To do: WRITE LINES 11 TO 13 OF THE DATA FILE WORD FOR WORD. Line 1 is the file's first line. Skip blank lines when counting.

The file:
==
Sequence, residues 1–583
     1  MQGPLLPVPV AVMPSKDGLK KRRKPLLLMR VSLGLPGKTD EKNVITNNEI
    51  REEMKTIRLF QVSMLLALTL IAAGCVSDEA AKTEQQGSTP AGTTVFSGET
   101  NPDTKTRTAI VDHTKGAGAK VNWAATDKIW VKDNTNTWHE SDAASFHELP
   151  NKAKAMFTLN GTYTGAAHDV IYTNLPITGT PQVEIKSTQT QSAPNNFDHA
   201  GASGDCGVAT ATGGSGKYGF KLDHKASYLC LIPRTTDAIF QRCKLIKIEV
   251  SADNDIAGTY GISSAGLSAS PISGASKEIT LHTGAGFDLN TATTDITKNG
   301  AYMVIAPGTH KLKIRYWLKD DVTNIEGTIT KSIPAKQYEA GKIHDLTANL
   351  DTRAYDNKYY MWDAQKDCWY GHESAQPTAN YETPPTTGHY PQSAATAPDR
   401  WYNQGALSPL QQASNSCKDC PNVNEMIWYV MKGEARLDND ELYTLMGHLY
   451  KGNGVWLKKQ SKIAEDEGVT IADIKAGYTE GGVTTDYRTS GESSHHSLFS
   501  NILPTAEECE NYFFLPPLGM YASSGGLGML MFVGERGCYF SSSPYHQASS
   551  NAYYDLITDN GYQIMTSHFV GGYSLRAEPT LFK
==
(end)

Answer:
   451  KGNGVWLKKQ SKIAEDEGVT IADIKAGYTE GGVTTDYRTS GESSHHSLFS
   501  NILPTAEECE NYFFLPPLGM YASSGGLGML MFVGERGCYF SSSPYHQASS
   551  NAYYDLITDN GYQIMTSHFV GGYSLRAEPT LFK